Tuesday, August 17, 2010

Where is your focus?

This could also represent lesson #2 on depth of field. The background fades into insignificance without being so blurred that it is entirely lost. Again, we are in Alaska but the main focus is the emotion that is created by the subjects of the picture. Obviously, related and obviously sharing a private joke, it went something like this, "pssst, do you think Dad knows which button to push?" The truth of the matter is the new digital cameras do alot of the work for you so you have very little editing post picture taking. A great picture may not be the one taken by the "professional photographer" but it will always be the one that invokes the sweetest memory.

Sometimes you have to turn your camera....

Same picture, cropped 2 different ways. The landscape view (side to side) focuses more on the "who" of the picture because the subjects fill the frame. The portrait view (top to bottom) gives you more information about the "where". Yep, it's Alaska. This is only true for this example. A landscape picture can record vast vistas and tall mountain ranges if that is what fills your frame. The point is, identify what composition you are trying to create and don't be afraid to turn you camera on a an angle to get it. This is also proof that we did take our kids somewhere, so later in life they can't make us believe that we never did anything with them. Oh and that pretty blonde girl, she's always making a "face" so we have to record what we have to work with. ;D

To answer your questions about "depth of field"

Ever taken a picture like this and wondered what went wrong? The background is the Savage River of Danali Park Alaska and is a very interesting composition. The person in the foreground is my son, Jared and "No, he's not moving". When taking a "still" shot, something in motion will blurr out, but that didn't happen here. What happened was caused by the aperture setting of the camera. The aperture determines how much light gets through the "hole" to create your image. You may be more familiar with calling it the "f-stop". (no swearing implied or intended) A common portrait practice is to use a large "f-stop" (indicated by a smaller number, think fractions, see your math teacher was right, you will use it later in life.) of say 5.6 which gives you crystal clear images in your foreground and soft blurry non-detracting images in the background. The exact opposite of what we have here. This picture was more than likely shot with a small "f-stop" of around 22, so what is clear is far away and the foreground is blurred. So how does this work with depth of field. Depth of field is a term used to identify where your camera will shoot a sharp image and what will be blurred. A small "f-stop" has a greater depth of field, yards and yards of distance are clear, you just have to know where it starts to be clear and where it is not. At 4-6 feet from the camera as illustrated here...not clear. Maybe I should have titled this "It's all about your focus".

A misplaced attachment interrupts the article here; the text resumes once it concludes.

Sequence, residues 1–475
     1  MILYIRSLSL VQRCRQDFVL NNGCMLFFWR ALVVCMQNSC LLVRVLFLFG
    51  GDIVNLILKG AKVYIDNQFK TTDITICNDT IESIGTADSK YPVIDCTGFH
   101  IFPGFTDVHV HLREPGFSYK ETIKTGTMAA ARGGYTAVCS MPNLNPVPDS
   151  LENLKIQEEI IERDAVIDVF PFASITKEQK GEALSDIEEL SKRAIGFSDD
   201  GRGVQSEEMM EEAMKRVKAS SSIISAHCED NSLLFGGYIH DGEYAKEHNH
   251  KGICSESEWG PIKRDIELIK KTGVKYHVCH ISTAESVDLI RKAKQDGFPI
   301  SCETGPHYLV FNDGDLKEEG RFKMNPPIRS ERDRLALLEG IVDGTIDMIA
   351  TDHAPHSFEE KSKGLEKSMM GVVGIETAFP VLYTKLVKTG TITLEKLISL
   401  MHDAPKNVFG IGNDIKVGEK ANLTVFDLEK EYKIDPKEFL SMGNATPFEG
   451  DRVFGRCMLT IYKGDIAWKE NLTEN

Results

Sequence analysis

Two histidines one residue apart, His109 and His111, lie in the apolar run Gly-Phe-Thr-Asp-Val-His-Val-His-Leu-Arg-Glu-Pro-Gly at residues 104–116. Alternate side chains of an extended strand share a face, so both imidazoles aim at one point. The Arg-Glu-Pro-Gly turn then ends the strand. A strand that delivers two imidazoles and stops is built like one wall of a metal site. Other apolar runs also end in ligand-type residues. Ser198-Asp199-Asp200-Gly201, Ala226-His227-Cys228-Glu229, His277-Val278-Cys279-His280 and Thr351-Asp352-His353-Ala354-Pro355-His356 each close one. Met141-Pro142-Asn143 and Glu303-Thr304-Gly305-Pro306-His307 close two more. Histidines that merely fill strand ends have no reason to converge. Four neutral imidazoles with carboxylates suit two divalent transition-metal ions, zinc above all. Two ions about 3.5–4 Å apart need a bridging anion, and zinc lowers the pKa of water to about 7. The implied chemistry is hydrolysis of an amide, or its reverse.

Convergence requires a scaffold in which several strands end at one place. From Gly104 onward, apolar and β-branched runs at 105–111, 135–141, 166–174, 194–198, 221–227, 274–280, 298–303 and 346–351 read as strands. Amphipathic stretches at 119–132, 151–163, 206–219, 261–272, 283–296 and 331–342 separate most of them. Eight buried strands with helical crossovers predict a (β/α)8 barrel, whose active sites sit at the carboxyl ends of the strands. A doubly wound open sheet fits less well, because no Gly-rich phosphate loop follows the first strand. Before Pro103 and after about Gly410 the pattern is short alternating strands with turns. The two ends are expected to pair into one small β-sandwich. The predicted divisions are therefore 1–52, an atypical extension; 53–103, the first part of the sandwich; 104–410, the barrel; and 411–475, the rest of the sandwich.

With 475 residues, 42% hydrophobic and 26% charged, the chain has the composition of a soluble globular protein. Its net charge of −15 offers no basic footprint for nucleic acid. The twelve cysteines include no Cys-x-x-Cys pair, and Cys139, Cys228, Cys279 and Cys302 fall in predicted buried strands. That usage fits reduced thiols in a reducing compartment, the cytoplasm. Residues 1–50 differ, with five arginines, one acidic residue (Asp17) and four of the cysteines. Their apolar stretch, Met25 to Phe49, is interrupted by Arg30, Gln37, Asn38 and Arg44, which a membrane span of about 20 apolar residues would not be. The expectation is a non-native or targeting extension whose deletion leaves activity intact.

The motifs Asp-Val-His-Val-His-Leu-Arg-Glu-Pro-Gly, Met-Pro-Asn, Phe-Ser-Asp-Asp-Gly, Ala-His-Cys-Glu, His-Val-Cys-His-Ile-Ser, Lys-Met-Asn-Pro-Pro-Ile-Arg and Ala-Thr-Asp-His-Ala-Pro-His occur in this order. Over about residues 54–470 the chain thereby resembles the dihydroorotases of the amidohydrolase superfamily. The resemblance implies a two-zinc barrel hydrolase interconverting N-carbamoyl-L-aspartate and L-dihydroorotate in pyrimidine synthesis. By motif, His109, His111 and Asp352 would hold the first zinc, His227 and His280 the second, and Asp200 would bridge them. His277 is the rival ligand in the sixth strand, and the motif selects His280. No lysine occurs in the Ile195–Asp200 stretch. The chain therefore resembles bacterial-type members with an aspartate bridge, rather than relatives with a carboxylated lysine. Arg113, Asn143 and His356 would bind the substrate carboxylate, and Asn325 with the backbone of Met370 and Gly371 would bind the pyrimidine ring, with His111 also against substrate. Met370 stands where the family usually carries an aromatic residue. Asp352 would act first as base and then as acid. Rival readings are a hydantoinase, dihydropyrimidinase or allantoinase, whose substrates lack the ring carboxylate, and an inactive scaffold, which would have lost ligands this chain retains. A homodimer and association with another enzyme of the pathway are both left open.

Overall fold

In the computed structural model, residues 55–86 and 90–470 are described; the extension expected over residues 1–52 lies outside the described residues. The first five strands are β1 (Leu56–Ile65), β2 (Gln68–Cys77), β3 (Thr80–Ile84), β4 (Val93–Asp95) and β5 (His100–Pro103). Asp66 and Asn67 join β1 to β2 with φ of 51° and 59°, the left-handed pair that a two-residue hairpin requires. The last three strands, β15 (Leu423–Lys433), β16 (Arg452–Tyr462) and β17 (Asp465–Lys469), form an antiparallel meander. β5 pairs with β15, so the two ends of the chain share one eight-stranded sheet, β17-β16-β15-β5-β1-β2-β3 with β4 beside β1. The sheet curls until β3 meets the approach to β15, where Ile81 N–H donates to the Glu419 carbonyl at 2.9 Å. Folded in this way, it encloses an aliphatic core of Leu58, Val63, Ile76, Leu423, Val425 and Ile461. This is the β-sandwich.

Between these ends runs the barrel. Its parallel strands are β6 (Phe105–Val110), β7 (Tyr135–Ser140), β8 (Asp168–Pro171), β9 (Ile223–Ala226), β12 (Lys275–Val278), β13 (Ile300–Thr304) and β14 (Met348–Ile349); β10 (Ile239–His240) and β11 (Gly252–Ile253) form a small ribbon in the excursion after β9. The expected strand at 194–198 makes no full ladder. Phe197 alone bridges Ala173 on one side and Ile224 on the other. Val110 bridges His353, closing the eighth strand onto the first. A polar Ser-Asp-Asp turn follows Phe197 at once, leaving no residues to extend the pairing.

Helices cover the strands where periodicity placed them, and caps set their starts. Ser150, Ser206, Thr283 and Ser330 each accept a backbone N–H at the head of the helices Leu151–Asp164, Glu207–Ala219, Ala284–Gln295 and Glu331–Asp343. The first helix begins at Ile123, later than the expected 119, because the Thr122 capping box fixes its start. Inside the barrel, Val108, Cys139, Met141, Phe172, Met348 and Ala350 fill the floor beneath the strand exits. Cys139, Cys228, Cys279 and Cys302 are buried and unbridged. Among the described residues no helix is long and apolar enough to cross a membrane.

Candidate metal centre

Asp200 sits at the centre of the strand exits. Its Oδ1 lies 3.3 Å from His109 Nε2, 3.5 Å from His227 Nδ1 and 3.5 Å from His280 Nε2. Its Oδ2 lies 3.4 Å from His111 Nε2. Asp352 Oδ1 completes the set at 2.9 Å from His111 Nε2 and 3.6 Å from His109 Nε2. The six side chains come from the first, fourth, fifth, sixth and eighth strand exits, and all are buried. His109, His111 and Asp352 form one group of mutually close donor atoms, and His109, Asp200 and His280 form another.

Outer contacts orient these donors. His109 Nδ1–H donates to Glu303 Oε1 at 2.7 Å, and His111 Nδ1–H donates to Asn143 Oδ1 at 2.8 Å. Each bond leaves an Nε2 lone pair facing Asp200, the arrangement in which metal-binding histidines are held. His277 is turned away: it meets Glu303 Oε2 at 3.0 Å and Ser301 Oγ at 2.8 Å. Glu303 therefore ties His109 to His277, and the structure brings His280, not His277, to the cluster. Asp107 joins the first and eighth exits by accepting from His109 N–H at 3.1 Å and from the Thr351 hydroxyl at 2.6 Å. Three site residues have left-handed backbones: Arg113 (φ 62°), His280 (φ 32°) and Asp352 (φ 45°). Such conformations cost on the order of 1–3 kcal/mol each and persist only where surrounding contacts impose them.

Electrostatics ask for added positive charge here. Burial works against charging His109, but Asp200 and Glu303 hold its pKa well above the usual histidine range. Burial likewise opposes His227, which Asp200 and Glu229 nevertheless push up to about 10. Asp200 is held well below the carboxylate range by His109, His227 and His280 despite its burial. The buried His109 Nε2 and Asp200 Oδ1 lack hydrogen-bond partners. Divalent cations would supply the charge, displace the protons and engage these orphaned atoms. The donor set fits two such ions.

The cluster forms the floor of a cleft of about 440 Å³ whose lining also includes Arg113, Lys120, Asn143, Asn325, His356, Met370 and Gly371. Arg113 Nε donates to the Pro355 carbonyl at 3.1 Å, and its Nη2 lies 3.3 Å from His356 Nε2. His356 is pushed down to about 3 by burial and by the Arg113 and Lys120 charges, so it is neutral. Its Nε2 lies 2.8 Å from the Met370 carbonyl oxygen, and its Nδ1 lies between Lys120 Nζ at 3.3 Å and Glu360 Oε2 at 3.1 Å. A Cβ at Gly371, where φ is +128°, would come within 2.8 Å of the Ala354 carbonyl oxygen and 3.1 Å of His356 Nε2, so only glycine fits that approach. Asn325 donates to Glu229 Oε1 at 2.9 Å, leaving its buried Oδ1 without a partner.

Tuesday, August 3, 2010

Can you remember anything from 30 years ago?

It's disenhertening to know I have memories fo 30 years ago. Recently I participated in my 30 year High School Reunion (just so you know I am literally younger than all these people because I skipped kinder garten and graduated early) It's a peculiar ritual we subject ourselves too. We visit with people we don't recognize to be reminded of things we'd rather forget. Reunions are all about facing your own personal insignificance.
A reunion is only a success when the people you remember show up. Thanks to Brent for flying in from New York and Brad came from Arizona and Romy from California. It was their collective sacrifice of time and effort that convinced me to attend.
But to Mike and Brendon, Gwen, Barbara and Teresa, what happened to you? Can we count on you in 10 years? Reunions are all about reconnecting if for no other reason then to remember why you lost touch in the first place.